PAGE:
8 min Security

This ‘Maturity Model’ underlies HashiCorp’s standard for cloud infrastructures

This ‘Maturity Model’ underlies HashiCorp’s standard for cloud infrastructures

According to HashiCorp, setting up and managing cloud environments requires an industry standard. The company decided not to wait for someone else to come up with one and presented The Infrastructure Cloud prior to the HashiDays last week in London. This is a holistic approach to provisioning, deploying and ultimately decommissioning cloud environments. Important take-away: don’t do everything at once, but do right what you do.

The continued integration of HashiCorp’s product offerings, which we wrote about earlier, did not happen by chance. The company has set itself the goal of providing a new industry standard in cloud management and everything related to it. That includes provisioning, deployment, security, management, and destruction.

A dedicated platform team plays a key role in this approach. It oversees the use of approved resources for all involved and is separate from the cloud infrastructure end users, such as development teams, which use the environment to build their applications.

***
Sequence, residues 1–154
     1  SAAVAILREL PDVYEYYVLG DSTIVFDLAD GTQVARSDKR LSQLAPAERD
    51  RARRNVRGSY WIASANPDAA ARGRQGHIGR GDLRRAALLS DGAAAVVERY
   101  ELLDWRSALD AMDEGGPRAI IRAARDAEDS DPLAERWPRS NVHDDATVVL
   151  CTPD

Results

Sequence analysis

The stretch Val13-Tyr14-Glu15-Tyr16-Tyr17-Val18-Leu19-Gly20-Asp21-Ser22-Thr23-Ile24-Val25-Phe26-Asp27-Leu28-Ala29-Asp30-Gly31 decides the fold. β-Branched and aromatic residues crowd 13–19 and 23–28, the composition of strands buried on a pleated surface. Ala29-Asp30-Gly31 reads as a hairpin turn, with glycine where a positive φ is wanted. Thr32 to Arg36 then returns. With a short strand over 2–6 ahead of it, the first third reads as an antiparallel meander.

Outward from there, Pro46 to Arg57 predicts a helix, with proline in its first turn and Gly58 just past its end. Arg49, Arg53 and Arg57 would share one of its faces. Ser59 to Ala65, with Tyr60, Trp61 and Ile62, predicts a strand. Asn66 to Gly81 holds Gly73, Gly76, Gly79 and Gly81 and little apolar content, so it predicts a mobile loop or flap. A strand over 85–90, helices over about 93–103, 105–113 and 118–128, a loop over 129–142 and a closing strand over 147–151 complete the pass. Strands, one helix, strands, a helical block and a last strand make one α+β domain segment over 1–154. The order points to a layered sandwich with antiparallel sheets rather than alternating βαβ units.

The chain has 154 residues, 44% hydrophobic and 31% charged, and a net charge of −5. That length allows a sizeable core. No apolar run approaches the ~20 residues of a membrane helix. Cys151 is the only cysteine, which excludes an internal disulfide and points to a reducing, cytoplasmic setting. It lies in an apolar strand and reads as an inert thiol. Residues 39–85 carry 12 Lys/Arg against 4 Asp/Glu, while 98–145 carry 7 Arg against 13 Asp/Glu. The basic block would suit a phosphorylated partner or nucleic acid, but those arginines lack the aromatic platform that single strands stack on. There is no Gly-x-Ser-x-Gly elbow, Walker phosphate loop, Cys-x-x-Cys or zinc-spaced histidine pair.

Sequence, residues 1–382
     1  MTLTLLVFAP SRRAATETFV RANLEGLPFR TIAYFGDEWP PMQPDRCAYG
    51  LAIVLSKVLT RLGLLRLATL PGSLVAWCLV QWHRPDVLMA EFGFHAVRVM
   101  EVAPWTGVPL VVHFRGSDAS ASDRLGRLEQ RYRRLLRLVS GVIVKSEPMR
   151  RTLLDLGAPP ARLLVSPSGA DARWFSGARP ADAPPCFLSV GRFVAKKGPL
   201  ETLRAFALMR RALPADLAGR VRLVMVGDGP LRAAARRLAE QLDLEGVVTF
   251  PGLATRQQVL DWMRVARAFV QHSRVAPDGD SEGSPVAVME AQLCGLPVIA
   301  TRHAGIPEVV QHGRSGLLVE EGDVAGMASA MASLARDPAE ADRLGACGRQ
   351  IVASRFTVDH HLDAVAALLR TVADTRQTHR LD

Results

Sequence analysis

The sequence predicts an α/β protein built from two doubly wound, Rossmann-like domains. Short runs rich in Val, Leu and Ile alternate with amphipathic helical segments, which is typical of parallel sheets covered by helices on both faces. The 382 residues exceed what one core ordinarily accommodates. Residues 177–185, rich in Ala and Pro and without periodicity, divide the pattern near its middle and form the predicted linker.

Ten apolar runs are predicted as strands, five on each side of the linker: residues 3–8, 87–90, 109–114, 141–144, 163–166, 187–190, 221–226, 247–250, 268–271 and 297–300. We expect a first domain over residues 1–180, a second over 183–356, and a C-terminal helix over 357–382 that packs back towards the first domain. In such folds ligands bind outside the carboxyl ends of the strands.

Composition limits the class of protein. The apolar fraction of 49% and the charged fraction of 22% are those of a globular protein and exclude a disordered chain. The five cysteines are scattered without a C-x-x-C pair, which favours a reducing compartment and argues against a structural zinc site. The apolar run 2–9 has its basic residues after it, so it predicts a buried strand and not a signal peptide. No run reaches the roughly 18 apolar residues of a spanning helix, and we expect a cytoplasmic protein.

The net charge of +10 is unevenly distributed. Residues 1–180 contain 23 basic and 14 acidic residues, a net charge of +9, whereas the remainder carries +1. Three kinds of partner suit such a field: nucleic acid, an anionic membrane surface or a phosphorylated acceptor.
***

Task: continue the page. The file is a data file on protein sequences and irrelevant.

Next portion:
The platform team handles provisioning and management and provides best practices for app dev colleagues. HashiCorp calls these ‘golden patterns‘. According to the company, this approach prevents unnecessary costs, reduces security risks, and allows each company to mature its cloud policy at its own pace.

All products in a company’s portfolio, including all the components, plugins, and apps accompanying them, must fit into this model, which supports the maturation of companies’ infrastructure as they move to the cloud.

To this end, HashiCorp distinguishes three steps: adoption (the initial move to the cloud), standardization, and finally scaling up. The company provides a matching product for all these steps, but says there is no reason why other parties couldn’t benefit from this model.

Waste of money